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Summer temperature variability in central Scandinavia during the last 3600 years

Journal article
Authors Hans W. Linderholm
Björn E. Gunnarson
Published in Geografiska Annaler Series a-Physical Geography
Volume 87A
Issue 1
Pages 231-241
ISSN 0435-3676
Publication year 2005
Published at Department of Earth Sciences
Pages 231-241
Language en
Links <Go to ISI>://000230002700016
Keywords scots pine growth, tree-ring record, climatic influence, central sweden, sylvestris l., millennium, mountains, norway, dendrochronology, reconstruction
Subject categories Earth and Related Environmental Sciences

Abstract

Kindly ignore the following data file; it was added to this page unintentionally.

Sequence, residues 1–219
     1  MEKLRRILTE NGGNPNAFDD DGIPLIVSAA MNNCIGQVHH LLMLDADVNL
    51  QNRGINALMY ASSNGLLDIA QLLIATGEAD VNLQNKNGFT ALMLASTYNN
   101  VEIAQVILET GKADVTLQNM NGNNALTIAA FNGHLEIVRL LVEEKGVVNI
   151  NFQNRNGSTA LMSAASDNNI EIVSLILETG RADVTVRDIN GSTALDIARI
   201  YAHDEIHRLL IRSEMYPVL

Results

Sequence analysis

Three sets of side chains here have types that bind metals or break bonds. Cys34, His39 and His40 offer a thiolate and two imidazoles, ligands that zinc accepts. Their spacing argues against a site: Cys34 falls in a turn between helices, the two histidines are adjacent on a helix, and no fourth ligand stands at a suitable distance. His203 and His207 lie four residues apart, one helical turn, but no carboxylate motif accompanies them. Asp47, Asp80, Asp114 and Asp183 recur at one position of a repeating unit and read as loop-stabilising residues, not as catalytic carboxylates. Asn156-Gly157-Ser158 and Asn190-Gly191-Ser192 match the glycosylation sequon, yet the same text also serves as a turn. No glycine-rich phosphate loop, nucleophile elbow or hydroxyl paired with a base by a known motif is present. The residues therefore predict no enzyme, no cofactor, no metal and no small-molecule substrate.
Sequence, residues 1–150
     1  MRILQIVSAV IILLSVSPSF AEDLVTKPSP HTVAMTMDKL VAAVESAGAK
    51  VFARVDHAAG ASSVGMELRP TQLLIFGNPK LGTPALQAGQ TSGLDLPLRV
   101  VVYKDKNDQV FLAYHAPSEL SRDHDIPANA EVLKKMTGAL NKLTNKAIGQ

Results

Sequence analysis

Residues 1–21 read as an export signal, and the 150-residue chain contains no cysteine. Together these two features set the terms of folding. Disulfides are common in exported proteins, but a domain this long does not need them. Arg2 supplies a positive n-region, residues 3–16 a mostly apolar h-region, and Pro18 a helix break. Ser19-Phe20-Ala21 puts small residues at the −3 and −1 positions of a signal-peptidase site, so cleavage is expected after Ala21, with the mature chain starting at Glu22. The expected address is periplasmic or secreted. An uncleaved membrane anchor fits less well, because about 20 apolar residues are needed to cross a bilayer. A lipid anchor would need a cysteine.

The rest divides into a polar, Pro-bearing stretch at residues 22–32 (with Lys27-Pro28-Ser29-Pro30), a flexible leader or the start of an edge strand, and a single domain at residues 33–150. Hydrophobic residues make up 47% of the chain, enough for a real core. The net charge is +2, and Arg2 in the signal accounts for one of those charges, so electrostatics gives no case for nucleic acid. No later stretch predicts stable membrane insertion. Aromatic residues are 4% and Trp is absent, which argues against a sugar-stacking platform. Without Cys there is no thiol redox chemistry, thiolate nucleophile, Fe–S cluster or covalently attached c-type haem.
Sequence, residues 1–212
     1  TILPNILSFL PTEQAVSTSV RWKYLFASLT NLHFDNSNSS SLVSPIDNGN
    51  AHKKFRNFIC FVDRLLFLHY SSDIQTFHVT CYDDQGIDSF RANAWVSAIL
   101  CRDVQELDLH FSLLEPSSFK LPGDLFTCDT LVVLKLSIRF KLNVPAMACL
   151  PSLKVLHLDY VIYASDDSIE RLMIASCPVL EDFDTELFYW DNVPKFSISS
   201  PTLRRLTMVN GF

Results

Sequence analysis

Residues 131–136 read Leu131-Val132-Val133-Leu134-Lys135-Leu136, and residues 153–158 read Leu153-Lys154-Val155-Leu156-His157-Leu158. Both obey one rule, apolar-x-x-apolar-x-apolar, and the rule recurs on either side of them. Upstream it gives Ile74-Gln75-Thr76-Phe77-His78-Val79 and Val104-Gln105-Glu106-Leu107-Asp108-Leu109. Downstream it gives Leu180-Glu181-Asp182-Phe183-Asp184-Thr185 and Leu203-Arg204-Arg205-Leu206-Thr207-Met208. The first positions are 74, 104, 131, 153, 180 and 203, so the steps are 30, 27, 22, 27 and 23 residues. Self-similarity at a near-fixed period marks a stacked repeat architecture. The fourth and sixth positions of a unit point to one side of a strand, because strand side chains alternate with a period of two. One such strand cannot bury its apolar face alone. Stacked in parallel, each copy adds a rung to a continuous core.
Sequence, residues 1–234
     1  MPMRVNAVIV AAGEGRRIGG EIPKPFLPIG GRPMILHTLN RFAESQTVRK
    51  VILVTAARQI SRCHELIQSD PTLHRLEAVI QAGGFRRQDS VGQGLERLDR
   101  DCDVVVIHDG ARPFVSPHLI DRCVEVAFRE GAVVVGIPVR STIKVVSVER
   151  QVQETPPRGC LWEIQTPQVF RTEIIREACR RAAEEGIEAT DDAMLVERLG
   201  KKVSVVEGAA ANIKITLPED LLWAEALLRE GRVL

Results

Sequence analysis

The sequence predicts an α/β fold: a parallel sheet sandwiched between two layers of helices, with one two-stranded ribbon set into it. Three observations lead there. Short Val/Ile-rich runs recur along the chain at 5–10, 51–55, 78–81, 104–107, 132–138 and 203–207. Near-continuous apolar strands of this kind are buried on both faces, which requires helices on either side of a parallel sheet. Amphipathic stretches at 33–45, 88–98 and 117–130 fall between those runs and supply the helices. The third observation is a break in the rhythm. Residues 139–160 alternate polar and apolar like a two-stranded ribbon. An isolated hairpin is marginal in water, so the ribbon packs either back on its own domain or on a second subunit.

A Scots pine (Pinus sylvestris L.) treering width chronology from Jamtland, in the central Scandinavian Mountains, built from living and sub-fossil wood, covering the period 1632 BC to AD 2002, with a minor gap during AD 887-907, is presented. This is the first multi-millennial tree-ring chronology from the central parts of Fennoscandia. Pine growth in this tree line environment is mainly limited by summer temperatures, and hence the record can be viewed as a temperature proxy. Using the regional curve standardization (RCS) technique, pine-growth variability on short and long time scales was retained and subsequently summer (June-August) temperatures were reconstructed yielding information on temperature variability during the last 3600 years. Several periods with anomalously warm or cold summers were found: 450-550 BC (warm), AD 300-400 (cold), AD 900-1000 (the Medieval Warm Period, warm) and AD 1550-1900 (Little Ice Age, cold). The coldest period was encountered in the fourth century AD and the warmest period 450 to 550 BC. However, the magnitude of these anomalies is uncertain since the replication of trees in the Jamtland record is low during those periods. The twentieth century warming does not stand out as an anomalous feature in the last 3600 years. Two multi-millennial tree-ring chronologies from Swedish and Finnish Lapland, which have previously been used as summer temperature proxies, agree well with the Jamtland record, indicating that the latter is a good proxy of local, but also regional, summer temperature variability.

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